I’m running to get to the airport early this morning but wanted to write a quick post on the Pono situation as I see it…now that we’re at the end of October. As you may remember this was the deadline for them to deliver the first round of their Pono players to the supporters of the Kickstarter campaign back in April. They raised $6.2 million to fund the company (there were some earlier round investments as well) and manufacture the high quality portable players. According to Rick Cohen, Neil’s lawyer, 60-70% of that initial round went to actually design and build the product. That’s why they went to Crowdfunder.net for equity round. They sought another $4 million…but I don’t know how much they actually raised.
With tomorrow being Halloween, the 31st of October, it’s time for the Pono players to start emerging from the manufacturing plants in China. I’m not aware of any devices being provided to the supporters…yet. Yes, they’ve planted a few prototypes here and there…but the few supporters that I’m aware of have not received any Ponos.
And then there’s the website. As of this morning, the “Pono-Matic Music Counter” was rounding 1,000,000 “total tracks” having been ingested. Not that long ago, Pedram Abrari, PonoMusic SVP of Technology, promised to have 20,000,000 tracks available at the launch. It looks like his promise is not going to be fulfilled. And the website itself still isn’t functional. They metadata associated with the tracks and the purchasing part of the site is non-functional. Clicking a few tracks this morning, it says, “preview unavailable”…so some things are still problematic with the site.
Neil Young was “giving us the full studio experience: at the recent Dreamforce event. The Pono CEO was the keynote speaker at their annual gathering. He and Pedram Abrari answered questions and showed live demos of the player in action. They encouraged attendees to stop by the demo stations and “listen to music the way the artists heard it in the studio”. That kind of statement has become part of the marketing mission for high-resolution audio…and it’s just not true. The artists listened to the multitrack masters during the production process. That means they pushed play on the analog 24-track deck or the space bar on the computer DAW. If the recording was done at more than 44.1 kHz/16-bits, then the artist heard something that Pono is not delivering in 99.9% of the cases. They’re presenting CD rips.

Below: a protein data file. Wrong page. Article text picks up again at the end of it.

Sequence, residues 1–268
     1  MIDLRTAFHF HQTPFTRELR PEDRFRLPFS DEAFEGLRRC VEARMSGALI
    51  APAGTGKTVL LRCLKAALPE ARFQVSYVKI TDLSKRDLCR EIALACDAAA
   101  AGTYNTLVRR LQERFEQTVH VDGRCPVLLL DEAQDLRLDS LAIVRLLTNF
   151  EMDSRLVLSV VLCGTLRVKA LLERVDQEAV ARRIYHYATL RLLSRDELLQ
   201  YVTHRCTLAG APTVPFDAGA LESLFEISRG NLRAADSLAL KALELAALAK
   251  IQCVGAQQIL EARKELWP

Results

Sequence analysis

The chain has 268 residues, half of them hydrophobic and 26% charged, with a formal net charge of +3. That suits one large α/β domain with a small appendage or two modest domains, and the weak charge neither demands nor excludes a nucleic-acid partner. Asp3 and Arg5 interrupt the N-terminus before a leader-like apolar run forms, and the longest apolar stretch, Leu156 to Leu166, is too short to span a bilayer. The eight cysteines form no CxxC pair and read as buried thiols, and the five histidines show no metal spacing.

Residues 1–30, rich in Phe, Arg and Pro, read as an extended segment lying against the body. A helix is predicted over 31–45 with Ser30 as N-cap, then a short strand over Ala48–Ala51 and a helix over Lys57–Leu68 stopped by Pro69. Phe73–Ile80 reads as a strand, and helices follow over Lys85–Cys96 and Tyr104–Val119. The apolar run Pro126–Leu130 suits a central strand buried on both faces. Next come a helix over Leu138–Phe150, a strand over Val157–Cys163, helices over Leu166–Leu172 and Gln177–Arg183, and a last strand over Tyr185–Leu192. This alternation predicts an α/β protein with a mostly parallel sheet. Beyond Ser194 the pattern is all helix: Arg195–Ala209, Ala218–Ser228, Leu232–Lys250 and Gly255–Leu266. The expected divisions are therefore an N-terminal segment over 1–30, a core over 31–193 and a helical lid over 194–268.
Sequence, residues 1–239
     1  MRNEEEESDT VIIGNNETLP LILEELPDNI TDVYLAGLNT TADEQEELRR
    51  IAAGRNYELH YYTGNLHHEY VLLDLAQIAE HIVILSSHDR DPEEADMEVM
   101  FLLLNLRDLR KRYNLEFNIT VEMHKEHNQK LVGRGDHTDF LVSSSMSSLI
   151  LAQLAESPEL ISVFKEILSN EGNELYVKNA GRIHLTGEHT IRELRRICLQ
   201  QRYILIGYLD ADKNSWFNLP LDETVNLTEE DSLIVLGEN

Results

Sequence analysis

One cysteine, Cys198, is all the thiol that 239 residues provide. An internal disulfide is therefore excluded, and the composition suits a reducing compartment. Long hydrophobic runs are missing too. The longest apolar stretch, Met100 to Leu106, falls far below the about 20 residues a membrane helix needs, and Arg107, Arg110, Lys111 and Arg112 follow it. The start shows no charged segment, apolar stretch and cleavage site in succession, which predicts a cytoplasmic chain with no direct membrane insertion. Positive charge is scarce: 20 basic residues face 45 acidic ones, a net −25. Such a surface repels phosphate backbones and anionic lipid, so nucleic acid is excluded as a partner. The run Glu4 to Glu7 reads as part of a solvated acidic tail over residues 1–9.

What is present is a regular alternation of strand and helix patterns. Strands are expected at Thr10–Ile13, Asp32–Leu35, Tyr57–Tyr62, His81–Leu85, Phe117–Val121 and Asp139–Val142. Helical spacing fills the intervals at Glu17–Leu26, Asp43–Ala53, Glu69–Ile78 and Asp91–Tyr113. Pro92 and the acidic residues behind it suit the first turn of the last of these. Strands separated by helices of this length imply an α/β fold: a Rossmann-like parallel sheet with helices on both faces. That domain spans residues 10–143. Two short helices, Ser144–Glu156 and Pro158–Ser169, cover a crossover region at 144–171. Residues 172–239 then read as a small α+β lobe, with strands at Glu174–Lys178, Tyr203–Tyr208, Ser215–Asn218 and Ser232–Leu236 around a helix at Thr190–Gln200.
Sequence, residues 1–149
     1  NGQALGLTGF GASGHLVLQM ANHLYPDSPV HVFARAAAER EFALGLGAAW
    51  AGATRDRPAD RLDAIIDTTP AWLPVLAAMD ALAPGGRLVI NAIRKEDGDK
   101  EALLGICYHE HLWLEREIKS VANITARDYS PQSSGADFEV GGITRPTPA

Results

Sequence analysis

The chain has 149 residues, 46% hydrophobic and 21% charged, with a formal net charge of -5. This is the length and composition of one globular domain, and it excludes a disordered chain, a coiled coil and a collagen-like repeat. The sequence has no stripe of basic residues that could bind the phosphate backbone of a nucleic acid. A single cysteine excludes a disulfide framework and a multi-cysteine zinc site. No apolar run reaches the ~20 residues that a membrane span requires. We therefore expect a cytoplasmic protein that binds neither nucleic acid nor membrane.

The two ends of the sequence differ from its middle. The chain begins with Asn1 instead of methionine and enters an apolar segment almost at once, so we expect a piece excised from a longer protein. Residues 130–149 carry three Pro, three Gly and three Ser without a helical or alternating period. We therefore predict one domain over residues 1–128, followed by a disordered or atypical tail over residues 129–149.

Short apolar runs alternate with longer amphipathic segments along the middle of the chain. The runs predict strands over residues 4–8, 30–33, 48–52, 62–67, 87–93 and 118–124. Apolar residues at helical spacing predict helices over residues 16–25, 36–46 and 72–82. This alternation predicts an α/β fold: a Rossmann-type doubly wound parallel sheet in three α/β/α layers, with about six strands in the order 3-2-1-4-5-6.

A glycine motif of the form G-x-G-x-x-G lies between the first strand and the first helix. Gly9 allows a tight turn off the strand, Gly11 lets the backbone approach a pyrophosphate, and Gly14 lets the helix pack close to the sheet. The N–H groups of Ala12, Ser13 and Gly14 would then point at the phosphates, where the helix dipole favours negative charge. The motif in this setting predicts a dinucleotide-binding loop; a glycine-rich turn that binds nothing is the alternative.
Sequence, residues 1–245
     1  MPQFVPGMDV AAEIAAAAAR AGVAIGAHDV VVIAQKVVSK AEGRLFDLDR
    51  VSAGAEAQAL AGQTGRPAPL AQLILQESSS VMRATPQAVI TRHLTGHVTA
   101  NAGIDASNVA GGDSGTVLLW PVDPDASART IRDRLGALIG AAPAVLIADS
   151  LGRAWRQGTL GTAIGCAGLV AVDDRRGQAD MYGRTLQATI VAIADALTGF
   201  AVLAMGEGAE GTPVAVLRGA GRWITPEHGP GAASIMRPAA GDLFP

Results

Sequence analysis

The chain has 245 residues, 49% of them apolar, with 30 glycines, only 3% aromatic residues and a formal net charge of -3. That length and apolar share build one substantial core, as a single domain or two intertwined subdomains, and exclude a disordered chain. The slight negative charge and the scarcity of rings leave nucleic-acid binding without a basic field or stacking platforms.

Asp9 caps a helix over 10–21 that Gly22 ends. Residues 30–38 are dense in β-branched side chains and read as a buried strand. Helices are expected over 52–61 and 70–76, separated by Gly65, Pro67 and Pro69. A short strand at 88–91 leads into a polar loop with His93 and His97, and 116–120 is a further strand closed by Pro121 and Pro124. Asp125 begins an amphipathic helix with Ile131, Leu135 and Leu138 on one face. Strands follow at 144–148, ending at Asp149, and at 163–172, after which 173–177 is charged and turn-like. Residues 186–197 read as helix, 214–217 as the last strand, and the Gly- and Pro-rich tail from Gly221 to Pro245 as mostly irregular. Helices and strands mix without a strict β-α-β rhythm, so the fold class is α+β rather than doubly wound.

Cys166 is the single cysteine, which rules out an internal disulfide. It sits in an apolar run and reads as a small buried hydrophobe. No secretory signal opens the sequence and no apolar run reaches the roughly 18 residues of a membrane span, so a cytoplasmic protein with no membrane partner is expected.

Neil continues to push his quality counts message. A report on the keynote message included, “In our quest for portability, we lost more than the charming pops and warm, fuzzy crackles we experienced listening to music on vinyl; we lost the emotion and feeling of music. Until Pono, listening to albums on vinyl used to be the closest thing to being in the recording studio with the artists. With the popularity of compressed digital music, we learned to settle for good enough. Pono is here to change all that.”
I applaud the message but the realization is lacking. Does anyone really want the “charming pops and warm fuzzy crackles” again? We can do much better than that. There is another option than to move from vinyl LPs to CD rips. Why not remaster what we can from the analog masters of the past (like HDtracks offers) rather than try to create the biggest and baddest site for downloading something we’ve already had to decades?
The Ponomusic website will be all about social networking. I think the ultimate goal is not about “letting your soul rediscover” of music but using the mantra of better quality audio…non-compressed…to bring a community of music lovers together. Ponomusic seeks to become a social platform just like FB and others. But so far, the message is so full of hyperbole that I’m not sure they can pull that off. Get back to the quality message, deliver the real thing, and let it grow organically.